improve your checker play.)
Once you know where your weaknesses are, you can be more focussed in your
efforts to improve.
(A couple of years ago MCG told me I was dropping too many cubes, and I
asked him what the best way was to cure that problem. He said, "Take more
I started studying Kit Woosley's Backgammon Encyclopedia recently and it
has really improved my cube action for money. If you don't have a copy I
highly recommend picking one up. It breaks down groups of reference
positions in a very well structured way. I ordered it through gammon press.
I dont know how much you already know, but this is how i do it:
In anchor situations i use the PRAT rule, Position, race, threat. Two
plusses out of three is a double. For the take i use Robertie's criteria:
anchor, five prime, contact on the other side. If yes, no, yes: it is
probably a take.
In no-anchor situations I use the a blitz standard benchmark position, with
a 3 point board against a 1 point board, with one checker on the bar and
one blot in the board, and 2 attackers on the blot, this is double take,
more is double pass, less is no double.
From there on I made up a few rules for myself like:
- 3 extra attackers is almost an extra boardpoint
- 4 extra checkers in the zone (in the second quadrant but not attacking
the blot) is almost an extra boardpoint
- a 4-anchor is 1.4 boardpoint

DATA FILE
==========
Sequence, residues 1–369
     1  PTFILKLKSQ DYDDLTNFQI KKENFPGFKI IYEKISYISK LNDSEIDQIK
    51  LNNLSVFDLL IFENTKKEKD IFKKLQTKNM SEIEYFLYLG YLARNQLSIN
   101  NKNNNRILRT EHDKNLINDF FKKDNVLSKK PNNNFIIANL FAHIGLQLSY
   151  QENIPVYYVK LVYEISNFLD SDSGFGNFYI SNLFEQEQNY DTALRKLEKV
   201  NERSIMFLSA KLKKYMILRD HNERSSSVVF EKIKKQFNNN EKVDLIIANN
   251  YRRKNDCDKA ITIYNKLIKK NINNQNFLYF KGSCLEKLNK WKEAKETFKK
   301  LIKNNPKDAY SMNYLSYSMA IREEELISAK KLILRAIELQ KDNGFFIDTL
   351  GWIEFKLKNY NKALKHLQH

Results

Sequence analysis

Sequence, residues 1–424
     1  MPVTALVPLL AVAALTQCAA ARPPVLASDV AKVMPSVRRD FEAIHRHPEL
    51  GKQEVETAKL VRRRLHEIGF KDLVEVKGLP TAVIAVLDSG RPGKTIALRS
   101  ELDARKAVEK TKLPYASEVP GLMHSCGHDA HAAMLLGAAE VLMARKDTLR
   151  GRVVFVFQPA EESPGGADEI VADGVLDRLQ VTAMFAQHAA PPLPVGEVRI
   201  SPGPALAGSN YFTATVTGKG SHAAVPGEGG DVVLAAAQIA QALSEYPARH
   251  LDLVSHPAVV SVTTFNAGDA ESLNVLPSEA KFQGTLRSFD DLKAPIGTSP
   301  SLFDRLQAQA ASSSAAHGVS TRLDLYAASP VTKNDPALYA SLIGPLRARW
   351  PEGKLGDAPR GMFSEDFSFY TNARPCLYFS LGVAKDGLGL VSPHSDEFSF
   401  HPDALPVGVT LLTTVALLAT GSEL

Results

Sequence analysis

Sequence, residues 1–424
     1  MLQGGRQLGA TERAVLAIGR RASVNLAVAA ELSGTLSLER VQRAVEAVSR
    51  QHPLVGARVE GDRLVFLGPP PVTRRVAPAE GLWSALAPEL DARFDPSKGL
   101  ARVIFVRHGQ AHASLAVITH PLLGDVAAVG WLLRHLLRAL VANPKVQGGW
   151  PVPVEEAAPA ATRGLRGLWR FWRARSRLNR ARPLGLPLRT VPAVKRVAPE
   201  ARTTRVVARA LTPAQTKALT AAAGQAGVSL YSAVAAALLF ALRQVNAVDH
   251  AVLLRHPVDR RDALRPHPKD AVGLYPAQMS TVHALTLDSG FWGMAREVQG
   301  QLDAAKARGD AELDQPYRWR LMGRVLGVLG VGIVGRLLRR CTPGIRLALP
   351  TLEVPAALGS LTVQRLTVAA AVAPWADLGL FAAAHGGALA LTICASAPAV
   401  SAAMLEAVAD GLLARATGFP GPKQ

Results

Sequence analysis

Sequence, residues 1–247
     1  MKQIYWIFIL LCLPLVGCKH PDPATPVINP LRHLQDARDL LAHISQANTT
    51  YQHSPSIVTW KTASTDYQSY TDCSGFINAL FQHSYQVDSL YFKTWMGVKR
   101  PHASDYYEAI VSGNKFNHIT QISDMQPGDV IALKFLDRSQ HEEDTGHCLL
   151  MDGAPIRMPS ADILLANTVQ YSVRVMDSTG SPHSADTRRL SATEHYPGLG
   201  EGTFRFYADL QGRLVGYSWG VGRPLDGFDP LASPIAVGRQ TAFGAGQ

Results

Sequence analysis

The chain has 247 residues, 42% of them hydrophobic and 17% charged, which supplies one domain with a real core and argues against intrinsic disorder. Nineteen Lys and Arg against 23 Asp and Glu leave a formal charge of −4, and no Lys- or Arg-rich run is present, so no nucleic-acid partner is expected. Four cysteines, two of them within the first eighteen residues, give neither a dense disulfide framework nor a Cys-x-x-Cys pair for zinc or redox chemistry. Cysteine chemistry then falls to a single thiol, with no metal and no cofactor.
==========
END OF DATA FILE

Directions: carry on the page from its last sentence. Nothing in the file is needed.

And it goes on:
- a 5-anchor is 1.5 boardpoint
- both backcheckers escaped is 2 boardpoints
- this way i can calculate a lot of positions over the board towards my
When there is no checker on the bar, but one in the board, and one blot
somewhere else then a direct shot on this blot calculates as a barblot, but
with one exception: these threat doubles are never Double pass.
Thats how far i came so far with studying a lot of 5-move games against
Wamy Einehouse writes:
One of the techniques that is helping my cube play is to check the cube %
in Gnub cash games quite often, and watch how the % changes and by what
margin as the game develops and defines itself. Generally I find this helps
me get a good idea of how large the margins are and how they change, and
also helps with the over all feel for quite when you should be making
specific choices. It certainly very quickly removed many areas where I was
making serious errors, and is helping me a lot in more marginal spots.
- Advancing beyond intermediate (James Eibisch, July 1998)
- Beginners' mistakes (Alan Webb+, Nov 1999)
- Best way for a beginner to learn (Koyunbaba+, July 2007)
- Committing to memory (RobertFontaine+, Feb 2011)
- Getting better than "awful" (Morph+, May 2004)
- How to excel in backgammon (Max Levenstein+, Aug 2011)
- How to improve (N Merrigan, Jan 2007)
- How to improve (Albert Steg, Feb 1996)
- How to improve cube handling (RealNick+, Jan 2011)
- How to learn and improve (Hristov, Aug 2005)
- Lowering your error rate (Stick Rice+, Apr 2009)
- Maintaining your game (Robert-Jan Veldhuizen, Apr 2005)
- Matchqiz and Jellyfish (Gilles Baudrillard, May 1997)
- Missing candidate plays (Klaus Evers+, Apr 2009)
- Most efficient way to learn (Stick+, May 2007)
- Practice and preparation (Ian Shaw+, Mar 2004)
- Practice/study plan (Marcus Brooks+, Nov 1995)
- Reference positions (Chuck Bower, July 1999)
- Study Methodology (Phil Simborg, Dec 2012)
- Study method (Jason Lee+, Jan 2012)
- Study plan (Tenland+, Nov 2012)
- Taking your game up a level (CW+, Aug 2002)
- Taking your game up a level (Ron Karr, Aug 1996)
- The backgammon cake (Daniel Murphy, Nov 1997)
- The best way to learn (Chuck Bower+, Oct 2003)
- Three steps to better play (David Montgomery, July 1998)
- Using Jellyfish tutor (Stephen Hubbard, Sept 1997)
- What more can I do? (Alison Wylie+, Apr 2000)
- Zen in the art of backgammon (Robban+, Aug 2009)